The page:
10. Keeping in view these principals and applying them to the present matter, it seems to us that on part of the gifted property attracts s. 10. Business premises were used by the firm in which the donor and the donee were partners. They were used as licensee. This old arrangement was continued by the donee even after gift. Property was mutated and taxes were paid by the donee, subsequently. Possession as was possible under the circumstances was given. Even gifted cash was transferred and dealt with as property of the donees, though it was utilized by the firm in which even the donor was a partner. These situations are directly covered by the ration in many cases cited supra. This court in Khatijabai Abdulla Soomar v. CED : [1980]124ITR160(Bom) has also taken the same view. Thus, this part of the reference, viz., relating to cash and business premises presents on dfficulty. Before dealing with the case of the residential house, which was dealt with more seriously and vehemently, we would dispose off the question of good-will. In this case, the deceased was an old man other partners were not only major, but were actively participating in the business. On these consideration of good-will. In this case, the deceased was an old man the partners were not only major, but were actively participating in the business. On these considerations, if the Tribunal has held that not the whole of its value but five annas share of the deceased only could be taxed as an estate of the deceased, the conclusion has to be upheld and this part of question had also to be answered against the Revenue.

11. In the residential house, the donor and the donee old grandfather and major grandson-were staying together since long before the gift. After the gift by a registered document, property was mutated in the name of the donee who started paying taxes. He asked the grandfather to continue to stay with him even after the gift. On account of that grace and/or permission, the grandfather did not vacate the premises. Property was neither managed by the donor subsequently, nor was his occupation related to his status as a head of the family. Thus, it is clear that way circumstances admitted. Now, 'physical occupation' and 'enjoyment' are not necessarily the same concept. Where a grandson allows the grandfather to reside with him in the house gifted to the grandson, the grandfather cannot be said to be in possession of the house. Such residence dose not, in our view, amount to possession and enjoyment as contemplated by s. 10. Will the absolute right of ownership vested in the donee exclude his right to grant specific permission of his own volition After all, voluntary gift is made only to a loved one and that too in an atmosphere of mutuality of sentiments. We have already noticed cases dealing with a gift between spouses. That view was not possible on the basis of the stand taken on behalf of the Revenue, on the language of s. 10. Shri Joshi, the learned counsel for the Revenue, contended that the Supreme Court as well as other High Court were dealing with cases of spouses only, when the donor contained to reside with the donee, and it would not be possible to extend those considerations of special relationship between a husband and wife to any other relationship. Having given our serious thought to this aspect, it is not possible for us to accept this submission. If the motivating force behind this view has been the peculiarity of relationship and not the language used in s. 10, we see on reason to arrest the application of these considerations to other relationships, of course, depending upon fetch and with the duty of appreciating fetch are satisfied that the stand taken is correct and bona filed and successfully put up as a facade. We may notice here that the donee had successfully put up a case of grant at his voliation. He also had placed specific reliance on Seccombe's case [1911] 2 KB 688; 1 EDC 589. In Umesh Rudra's case : [1979]117ITR579(SC) , reference has been made to social morality and good sense. Not that relationship between spouses is not special. In Indian society, there are still many who consider other relationships also as sacred as between spouses. Instances of son and grandsons permitting-in some cases even insisting upon-their parents or grandparents to live with them are not uncommon. If, therefore, out of a sense of duty, consideration for old age, etc., and/or affection, such donors are permitted to continue to reside as before despite the gift, we fail to see how such 'occupation' will be in-compatible with the concept of 'possession and enjoyment' with the donee as contemplated in law, provided, of course, it is consistent with other fact and circumstances and is unconnected with the gift.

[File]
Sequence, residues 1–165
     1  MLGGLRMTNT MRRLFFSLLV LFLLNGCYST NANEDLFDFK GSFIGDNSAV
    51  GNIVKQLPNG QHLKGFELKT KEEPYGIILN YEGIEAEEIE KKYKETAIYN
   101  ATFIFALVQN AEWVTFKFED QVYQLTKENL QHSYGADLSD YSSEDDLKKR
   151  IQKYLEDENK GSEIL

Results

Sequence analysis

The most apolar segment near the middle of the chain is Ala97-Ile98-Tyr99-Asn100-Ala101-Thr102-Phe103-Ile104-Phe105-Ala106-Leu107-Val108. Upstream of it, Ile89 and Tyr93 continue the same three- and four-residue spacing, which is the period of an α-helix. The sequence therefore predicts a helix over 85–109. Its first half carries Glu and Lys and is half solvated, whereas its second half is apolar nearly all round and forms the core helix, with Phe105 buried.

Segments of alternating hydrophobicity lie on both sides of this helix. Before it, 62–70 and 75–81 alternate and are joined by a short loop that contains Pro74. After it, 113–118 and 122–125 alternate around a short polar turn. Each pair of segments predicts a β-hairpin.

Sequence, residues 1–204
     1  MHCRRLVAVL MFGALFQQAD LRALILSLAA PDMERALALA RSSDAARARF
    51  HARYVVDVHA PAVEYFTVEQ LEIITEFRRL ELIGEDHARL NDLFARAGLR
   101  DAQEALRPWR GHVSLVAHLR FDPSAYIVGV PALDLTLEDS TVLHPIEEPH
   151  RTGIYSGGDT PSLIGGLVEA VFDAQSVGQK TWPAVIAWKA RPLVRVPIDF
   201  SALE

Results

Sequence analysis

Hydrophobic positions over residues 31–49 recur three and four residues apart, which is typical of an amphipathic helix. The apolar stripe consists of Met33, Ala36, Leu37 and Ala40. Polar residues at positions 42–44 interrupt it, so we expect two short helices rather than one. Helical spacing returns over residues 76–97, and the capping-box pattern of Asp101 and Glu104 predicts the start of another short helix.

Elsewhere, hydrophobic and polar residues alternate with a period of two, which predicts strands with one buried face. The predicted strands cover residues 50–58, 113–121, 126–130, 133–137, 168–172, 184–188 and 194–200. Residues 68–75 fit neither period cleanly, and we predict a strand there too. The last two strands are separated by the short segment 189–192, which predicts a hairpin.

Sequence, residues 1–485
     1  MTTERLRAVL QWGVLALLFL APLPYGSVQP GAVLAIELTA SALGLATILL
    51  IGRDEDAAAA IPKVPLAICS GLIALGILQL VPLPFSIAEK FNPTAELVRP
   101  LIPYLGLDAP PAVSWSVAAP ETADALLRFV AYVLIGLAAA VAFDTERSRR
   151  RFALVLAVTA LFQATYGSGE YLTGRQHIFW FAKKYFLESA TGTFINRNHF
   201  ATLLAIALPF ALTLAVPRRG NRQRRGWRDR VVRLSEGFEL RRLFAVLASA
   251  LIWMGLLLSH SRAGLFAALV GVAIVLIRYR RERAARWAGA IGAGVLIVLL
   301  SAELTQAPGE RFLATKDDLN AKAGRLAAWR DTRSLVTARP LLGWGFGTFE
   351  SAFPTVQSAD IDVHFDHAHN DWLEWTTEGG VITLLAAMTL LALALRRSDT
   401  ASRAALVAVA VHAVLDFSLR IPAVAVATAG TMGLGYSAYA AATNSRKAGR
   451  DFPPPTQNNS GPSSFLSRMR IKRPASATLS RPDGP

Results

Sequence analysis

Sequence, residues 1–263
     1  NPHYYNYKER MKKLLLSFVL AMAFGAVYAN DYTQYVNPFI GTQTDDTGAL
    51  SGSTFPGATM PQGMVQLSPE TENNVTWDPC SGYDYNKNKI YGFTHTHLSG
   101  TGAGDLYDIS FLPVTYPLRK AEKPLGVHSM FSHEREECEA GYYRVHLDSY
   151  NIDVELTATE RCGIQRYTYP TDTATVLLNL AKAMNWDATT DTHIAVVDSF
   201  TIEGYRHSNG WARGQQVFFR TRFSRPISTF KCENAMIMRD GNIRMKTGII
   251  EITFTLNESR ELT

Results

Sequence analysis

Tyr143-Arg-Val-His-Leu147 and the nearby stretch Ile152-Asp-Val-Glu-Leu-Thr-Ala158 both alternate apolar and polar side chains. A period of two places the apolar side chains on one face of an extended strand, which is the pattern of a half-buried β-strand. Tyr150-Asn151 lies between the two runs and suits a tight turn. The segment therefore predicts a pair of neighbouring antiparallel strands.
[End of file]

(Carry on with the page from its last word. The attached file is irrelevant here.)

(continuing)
12. Da Costa's case [1967] 63 ITR 495 was heavily relied upon on behalf of the Revenue. It was a case of a gift by the head of a family. Even after the gift, he lived there as the head and managed the property in that capacity as before. 'Mere filial affection without anything more' was considered insufficient to take out the case from the clutches of s. 10. In view of crystal clear distinguish features existing in the present matter which need not feel that the said decision assist the Revenue in this matter. After all, we are interpreting a taxing statute whose only object is and could be to plug the holes and prevent the persons liable to pay duty putting forth gifts as a facade and not intended to be acted upon. In our judgment, therefore, s. 10 does not take within its sweep even the residential house.

13. In the view that we have taken, we answer all the three parts of the question in the negative and against the Revenue. The Revenue to bear to the costs of this reference.